Various migrants' rights groups consider the minimum income requirement to be unfair, disproportionate and counter-productive. For example, they argue that certain demographics, such as young people, women, and those living outside of London and the south east, are particularly affected due to differences in salaries.
In June 2013 a report by members of the APPG on Migration called for an independent review of the requirement and its impact. A 2015 comparison of immigration policies across 38 developed states concluded that the UK's immigration policies are the least 'family-friendly', in part due to the minimum income requirement.
The Coalition Government made some minor adjustments to the policy, but was satisfied overall that it operated as intended. The current Conservative Government also takes the view that the income requirement supports integration and prevents a burden being placed on the taxpayer. The Labour party, the SNP, the Liberal Democrats and the Green party have all expressed support for a review of the requirement.
The lawfulness of the Rules was challenged in the courts. On 22 February 2017 the Supreme Court handed down its judgment. It held the minimum income requirement is acceptable in principle. However it found that the Rules and the Immigration Directorate Instruction giving guidance to entry clearance officers unlawfully fail to take proper account of the Secretary of State's duty under section 55 of the Borders, Citizenship and Immigration Act 2009 to have regard to the need to safeguard and promote the welfare of children when making decisions which affect them. The Court also held that the rules and guidance need to be amended to take proper account of other possible sources of income and third-party financial support.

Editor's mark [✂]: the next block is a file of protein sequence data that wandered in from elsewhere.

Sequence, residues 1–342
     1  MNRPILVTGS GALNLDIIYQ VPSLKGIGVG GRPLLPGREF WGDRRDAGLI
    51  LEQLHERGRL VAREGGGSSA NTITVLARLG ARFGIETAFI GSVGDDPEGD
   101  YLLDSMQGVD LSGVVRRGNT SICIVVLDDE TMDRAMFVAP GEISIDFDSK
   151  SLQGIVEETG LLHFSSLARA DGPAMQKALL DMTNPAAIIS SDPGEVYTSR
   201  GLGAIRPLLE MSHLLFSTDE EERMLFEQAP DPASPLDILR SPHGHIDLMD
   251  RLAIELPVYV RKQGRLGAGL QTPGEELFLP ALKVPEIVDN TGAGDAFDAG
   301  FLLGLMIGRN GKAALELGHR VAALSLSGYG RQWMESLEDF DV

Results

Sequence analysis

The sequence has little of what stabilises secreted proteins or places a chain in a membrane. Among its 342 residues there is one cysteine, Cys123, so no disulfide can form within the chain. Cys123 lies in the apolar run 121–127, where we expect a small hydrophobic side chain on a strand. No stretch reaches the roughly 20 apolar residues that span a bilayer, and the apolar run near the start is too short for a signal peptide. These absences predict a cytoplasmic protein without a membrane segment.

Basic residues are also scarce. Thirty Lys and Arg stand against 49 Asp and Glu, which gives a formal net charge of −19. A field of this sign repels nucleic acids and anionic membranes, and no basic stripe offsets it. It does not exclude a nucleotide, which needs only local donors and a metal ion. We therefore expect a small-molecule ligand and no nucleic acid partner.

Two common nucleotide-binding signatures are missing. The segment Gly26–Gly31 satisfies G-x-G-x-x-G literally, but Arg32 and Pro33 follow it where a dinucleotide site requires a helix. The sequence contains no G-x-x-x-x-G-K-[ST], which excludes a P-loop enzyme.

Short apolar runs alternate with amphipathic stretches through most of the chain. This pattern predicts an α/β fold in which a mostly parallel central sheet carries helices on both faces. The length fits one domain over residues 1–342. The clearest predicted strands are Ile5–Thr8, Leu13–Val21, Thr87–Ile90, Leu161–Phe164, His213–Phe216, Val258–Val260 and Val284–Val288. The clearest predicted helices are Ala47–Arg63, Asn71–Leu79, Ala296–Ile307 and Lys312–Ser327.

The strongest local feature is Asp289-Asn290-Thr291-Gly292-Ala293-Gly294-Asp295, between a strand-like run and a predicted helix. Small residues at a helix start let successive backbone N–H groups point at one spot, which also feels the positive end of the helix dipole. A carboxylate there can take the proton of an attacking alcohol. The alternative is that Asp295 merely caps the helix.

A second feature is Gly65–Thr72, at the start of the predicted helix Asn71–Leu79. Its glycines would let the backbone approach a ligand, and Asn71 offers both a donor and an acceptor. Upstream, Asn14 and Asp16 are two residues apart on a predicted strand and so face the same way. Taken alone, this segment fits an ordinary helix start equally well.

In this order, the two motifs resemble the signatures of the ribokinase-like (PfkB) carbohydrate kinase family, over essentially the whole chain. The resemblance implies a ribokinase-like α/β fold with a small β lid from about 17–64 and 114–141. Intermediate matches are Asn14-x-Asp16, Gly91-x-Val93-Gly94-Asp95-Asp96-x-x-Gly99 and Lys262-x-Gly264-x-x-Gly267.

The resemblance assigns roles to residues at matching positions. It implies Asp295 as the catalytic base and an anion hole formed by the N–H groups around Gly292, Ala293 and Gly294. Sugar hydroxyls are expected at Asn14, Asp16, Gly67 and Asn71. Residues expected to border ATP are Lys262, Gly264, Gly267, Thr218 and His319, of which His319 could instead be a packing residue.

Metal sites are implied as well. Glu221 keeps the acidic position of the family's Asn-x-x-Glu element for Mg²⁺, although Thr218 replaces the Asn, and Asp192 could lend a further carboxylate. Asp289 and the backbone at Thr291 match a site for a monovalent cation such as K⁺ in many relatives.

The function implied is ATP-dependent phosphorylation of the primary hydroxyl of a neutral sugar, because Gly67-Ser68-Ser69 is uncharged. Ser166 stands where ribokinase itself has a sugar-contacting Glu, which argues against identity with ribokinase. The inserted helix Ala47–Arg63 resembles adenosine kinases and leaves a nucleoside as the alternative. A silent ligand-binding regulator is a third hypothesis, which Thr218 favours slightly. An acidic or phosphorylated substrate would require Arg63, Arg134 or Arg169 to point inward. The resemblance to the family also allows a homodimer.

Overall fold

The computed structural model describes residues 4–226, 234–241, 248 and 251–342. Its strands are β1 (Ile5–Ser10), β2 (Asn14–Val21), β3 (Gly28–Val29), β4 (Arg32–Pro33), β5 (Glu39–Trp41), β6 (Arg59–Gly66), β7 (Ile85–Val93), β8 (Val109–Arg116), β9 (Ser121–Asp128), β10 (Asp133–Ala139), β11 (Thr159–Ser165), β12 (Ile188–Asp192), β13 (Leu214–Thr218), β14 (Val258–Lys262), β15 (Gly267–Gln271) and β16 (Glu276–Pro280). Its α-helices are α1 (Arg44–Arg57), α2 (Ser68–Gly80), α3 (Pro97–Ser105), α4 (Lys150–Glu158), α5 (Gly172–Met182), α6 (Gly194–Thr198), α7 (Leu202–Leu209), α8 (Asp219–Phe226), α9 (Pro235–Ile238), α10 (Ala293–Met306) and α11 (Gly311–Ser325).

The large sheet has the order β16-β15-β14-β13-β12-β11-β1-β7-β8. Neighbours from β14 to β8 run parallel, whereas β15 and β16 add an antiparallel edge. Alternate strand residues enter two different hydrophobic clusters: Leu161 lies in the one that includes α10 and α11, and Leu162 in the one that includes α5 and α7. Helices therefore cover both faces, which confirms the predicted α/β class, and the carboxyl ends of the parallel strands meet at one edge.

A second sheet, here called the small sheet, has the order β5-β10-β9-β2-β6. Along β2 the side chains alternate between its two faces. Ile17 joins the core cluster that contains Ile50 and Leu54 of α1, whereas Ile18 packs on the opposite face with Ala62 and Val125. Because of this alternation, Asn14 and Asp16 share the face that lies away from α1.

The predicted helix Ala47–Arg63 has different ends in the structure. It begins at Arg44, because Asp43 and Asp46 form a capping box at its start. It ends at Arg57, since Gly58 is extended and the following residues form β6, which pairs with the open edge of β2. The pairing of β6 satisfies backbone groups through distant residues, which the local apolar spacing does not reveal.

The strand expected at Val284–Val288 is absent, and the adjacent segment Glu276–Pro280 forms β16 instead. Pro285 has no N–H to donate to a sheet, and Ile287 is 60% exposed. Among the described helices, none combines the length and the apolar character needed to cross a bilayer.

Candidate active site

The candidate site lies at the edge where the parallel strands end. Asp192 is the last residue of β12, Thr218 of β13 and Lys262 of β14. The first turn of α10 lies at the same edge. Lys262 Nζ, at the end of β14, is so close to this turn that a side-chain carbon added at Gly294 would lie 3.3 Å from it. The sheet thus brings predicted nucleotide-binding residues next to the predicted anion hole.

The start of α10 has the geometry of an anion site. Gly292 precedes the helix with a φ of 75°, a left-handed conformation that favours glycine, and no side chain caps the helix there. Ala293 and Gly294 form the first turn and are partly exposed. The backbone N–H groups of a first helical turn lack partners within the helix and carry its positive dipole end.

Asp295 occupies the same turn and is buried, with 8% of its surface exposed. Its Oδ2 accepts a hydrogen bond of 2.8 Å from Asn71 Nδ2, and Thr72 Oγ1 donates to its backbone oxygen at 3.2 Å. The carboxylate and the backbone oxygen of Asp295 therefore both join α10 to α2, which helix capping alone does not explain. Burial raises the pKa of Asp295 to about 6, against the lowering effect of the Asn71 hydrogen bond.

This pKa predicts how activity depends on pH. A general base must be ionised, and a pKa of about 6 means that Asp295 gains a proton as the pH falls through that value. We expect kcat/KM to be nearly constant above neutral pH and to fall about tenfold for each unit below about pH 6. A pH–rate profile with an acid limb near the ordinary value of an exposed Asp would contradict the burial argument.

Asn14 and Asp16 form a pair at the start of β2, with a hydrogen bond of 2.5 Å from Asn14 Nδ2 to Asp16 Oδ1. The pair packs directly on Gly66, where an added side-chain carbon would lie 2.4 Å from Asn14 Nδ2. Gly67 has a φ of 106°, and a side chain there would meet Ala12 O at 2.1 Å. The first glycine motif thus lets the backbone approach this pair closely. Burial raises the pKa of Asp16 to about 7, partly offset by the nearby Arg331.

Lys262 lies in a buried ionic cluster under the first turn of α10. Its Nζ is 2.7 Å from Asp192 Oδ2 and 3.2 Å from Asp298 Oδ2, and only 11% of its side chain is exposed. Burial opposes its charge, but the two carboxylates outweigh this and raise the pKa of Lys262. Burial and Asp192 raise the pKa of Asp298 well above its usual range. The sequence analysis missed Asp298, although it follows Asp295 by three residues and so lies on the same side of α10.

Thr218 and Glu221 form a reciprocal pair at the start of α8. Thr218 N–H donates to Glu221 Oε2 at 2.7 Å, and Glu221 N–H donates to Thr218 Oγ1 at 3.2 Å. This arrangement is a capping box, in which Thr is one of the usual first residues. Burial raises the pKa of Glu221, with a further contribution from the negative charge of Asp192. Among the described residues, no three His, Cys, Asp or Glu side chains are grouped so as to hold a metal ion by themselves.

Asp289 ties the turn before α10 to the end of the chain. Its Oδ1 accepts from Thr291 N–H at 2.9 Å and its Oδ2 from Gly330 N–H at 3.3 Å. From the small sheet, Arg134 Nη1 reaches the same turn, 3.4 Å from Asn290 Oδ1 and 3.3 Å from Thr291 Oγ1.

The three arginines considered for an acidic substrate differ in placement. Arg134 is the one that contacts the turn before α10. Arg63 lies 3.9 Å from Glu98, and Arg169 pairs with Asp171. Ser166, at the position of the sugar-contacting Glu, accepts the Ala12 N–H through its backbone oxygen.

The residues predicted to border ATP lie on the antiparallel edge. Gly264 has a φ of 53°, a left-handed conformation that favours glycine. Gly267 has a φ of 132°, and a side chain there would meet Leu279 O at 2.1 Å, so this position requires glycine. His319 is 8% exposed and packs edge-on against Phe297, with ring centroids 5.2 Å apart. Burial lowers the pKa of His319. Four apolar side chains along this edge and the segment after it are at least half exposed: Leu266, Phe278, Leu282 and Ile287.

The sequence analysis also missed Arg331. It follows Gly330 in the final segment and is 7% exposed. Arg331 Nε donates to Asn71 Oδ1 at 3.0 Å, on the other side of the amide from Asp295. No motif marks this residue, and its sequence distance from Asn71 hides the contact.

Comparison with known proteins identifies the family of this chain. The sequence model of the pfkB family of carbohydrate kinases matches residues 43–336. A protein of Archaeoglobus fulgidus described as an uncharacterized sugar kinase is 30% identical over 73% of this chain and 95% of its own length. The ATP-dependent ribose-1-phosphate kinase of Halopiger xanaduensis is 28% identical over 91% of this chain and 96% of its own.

The Immigration Rules requirements for leave to enter/remain as the non-EEA  national partner (spouse, fiancé(e), civil partner, prospective civil partner, unmarried or same-sex partner) or dependent child of a British citizen or person who has Indefinite Leave, Refugee Status or Humanitarian Protection in the UK changed on 9 July 2012, as part of a broader package of changes to the Immigration Rules for family members. 
One of the most significant changes was the introduction of a financial (minimum income) threshold in order to satisfy a requirement to have adequate maintenance funds in place.
Before 9 July 2012
Since 9 July 2012
Must demonstrate ability to adequately accommodate and maintain the applicant without recourse to public funds
With reference to Income Support levels (in effect requiring a post-tax income of £5,500 per year).